Will the WTA set a trend in the sports world with the boycott against China?



Peng Shuai, the Chinese doubles specialist who accused a party prominent of sexual abuse.Image AFP

Will Steve Simon turn things around? Will December 1, 2022 later be known as the beginning of the end of the relationship that global sport maintains for financial reasons with countries that violate human rights?

In any case, the 66-year-old American boss of the women’s tennis association WTA decided to stand up to China that day and cancel all tennis tournaments there for the time being. It is a protest against the treatment of WTA member Peng Shuai, the 36-year-old Chinese doubles specialist. WTA boss Simon has been unsure of her fate since Peng accused an ex-party leader of sexual abuse. Unsure enough to cancel the WTA’s most lucrative business deal.

In recent years, Simon himself tempted China to organize numerous tennis tournaments, from which the WTA would earn an estimated 880 million euros. For the time being, that is the price tag that now hangs on the boycott of the WTA boss. ‘We now let things like money, business and politics dominate what is right or wrong.’ Simon says he wants to break that.

Rarity

There is something to be negotiated with those pious words, for example, it is uncertain whether all those boycotted tournaments in China would continue next year due to corona. Yet the protest is a rarity. Not only does sport itself resist a dubious regime, there are also concrete and serious financial consequences.

Countries that are at the bottom of rankings for quality of life and human rights situation, such as Russia, Azerbaijan, Bahrain, UAE, Qatar, China and Saudi Arabia, to a declining degree of freedom, use sporting events to enhance or mask their reputation.

They follow examples such as Nazi Germany in 1936 (Olympic Games) and the Argentine junta in 1978 (World Cup), which hoped to win over the world community. The questionable regimes have something that sports federations seem to have such an insatiable need for: money.

Tournaments and events must always be bigger than the previous ones, while in Western countries in particular, public opinion is turning against the fortune that they cost. This is how China came to its upcoming Winter Games: Norway wanted to, but withdrew when the population protested against the money-consuming sports festival.

indoor fishing

In the past fifteen years, hardly a major sporting event has been announced before a country with a questionable relationship with human rights has made an attempt to win it. Often with success. Take the World Cups in Russia and Qatar of the most popular sport in the world, football. World Swimming, Athletics and Judo Championships also often took place in controversial countries.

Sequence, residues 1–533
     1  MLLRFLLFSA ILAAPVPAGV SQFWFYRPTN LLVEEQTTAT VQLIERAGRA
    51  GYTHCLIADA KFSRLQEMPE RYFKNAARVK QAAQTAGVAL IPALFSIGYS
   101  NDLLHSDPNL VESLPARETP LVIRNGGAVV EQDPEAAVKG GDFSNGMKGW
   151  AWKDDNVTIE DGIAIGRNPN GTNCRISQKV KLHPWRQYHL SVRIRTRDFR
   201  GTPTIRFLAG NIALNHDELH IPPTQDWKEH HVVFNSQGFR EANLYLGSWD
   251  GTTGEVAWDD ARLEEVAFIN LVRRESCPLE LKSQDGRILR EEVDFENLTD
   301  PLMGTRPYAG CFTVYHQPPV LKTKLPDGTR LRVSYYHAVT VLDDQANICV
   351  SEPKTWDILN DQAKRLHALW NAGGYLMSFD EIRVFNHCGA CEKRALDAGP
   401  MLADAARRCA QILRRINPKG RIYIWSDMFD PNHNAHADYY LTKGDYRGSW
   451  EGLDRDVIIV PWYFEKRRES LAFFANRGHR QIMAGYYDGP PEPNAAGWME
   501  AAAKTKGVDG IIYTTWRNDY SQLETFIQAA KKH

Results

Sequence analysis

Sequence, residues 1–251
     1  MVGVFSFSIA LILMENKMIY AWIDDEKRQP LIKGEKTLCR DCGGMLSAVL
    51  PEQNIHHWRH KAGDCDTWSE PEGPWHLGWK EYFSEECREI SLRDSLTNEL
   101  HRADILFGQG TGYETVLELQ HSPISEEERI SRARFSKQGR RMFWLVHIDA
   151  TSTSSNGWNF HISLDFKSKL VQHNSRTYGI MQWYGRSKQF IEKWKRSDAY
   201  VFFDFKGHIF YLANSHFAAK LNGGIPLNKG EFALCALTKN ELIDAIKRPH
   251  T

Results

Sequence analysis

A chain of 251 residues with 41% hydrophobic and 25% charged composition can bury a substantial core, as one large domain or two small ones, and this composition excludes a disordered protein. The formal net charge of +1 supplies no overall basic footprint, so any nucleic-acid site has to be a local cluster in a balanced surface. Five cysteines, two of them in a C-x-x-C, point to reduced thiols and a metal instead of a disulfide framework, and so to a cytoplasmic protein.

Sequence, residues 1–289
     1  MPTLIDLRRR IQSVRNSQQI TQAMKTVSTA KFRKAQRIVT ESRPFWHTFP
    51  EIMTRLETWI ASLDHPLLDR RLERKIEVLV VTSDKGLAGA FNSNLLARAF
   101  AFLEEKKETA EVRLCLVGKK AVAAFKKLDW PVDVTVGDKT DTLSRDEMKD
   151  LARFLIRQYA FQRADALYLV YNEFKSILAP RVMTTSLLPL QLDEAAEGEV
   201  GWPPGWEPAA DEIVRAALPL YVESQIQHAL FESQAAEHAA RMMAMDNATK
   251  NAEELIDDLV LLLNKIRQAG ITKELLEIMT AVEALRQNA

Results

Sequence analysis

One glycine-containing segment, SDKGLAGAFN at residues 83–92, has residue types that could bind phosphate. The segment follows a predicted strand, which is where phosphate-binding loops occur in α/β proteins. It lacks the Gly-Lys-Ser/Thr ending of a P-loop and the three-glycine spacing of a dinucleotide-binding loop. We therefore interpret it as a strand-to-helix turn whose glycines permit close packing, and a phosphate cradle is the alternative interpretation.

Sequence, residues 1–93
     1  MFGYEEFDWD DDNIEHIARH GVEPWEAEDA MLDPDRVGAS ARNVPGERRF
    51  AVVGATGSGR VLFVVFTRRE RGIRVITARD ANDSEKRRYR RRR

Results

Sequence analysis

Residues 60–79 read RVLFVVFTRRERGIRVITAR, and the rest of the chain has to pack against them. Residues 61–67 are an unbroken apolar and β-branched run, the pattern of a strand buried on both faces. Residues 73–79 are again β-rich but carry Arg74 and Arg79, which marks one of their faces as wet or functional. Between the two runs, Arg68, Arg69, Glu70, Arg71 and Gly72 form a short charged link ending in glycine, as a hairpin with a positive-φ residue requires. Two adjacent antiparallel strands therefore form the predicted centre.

However, these are less and less often the places where major sports tournaments will be held in the coming years. While the ‘wrong’ countries continued to bid imperturbably in the Olympics, they will be held in France, Italy, the US and Australia until 2032 – the 2030 Winter Games have not yet been awarded.

Of the world’s ten largest sports, based on an estimated number of interested parties, a large part of the top tournaments in the coming years will take place in Western countries such as Canada, the US, Australia (World Cup football), France (rugby) and the Netherlands (women’s hockey). , volleyball women). India hosts World Cups in two major sports that are very popular with the population: cricket and hockey. The Philippines will be one of three hosting countries for the 2023 World Cup, the most popular sport in the Southeast Asian country.

In this light, WTA director Simon’s act seems to fit in with a trend that, with the much-criticized Winter Games in China and the World Cup in Qatar as lows, seems to be turning for the better next year in the form of a slow farewell. One where global sport is saying goodbye to countries with deep pockets, but a shabby freedom situation.

Red line

Sports professor Simon Chadwick sets The New York Times that the WTA has drawn a ‘red line’ with the withdrawal from China. According to Beijing-based sports analyst Mark Dreyer, the tennis association’s stance could turn out to be a watershed.

Can, because it is by no means certain. In the coming years, the world championships in judo, athletics and swimming will still be held in countries such as Qatar, Russia, Uzbekistan and Hungary. At the same time, the protest words do not lead to actions against the Olympic Games in China because of the government treatment of the Muslim Uyghurs and the World Cup in Qatar that had the necessary stadiums built at the expense of the lives of foreign construction workers.

And this weekend watch Max Verstappen try to win his first world title in Formula 1. He does that at a new race track in Saudi Arabia and the race there on Sunday is not a one-time misunderstanding. The Saudis signed a contract for no less than ten years with the F1 organization, after Qatar already did. With the regular races in Bahrain, Abu Dhabi, China, Russia and Azerbaijan, it becomes difficult to answer the question of whether Steve Simon’s step will turn things around with a ‘yes’. A bag of money is simply too tempting for sports administrators who hide behind the dubious adage that sports and politics should remain separate.

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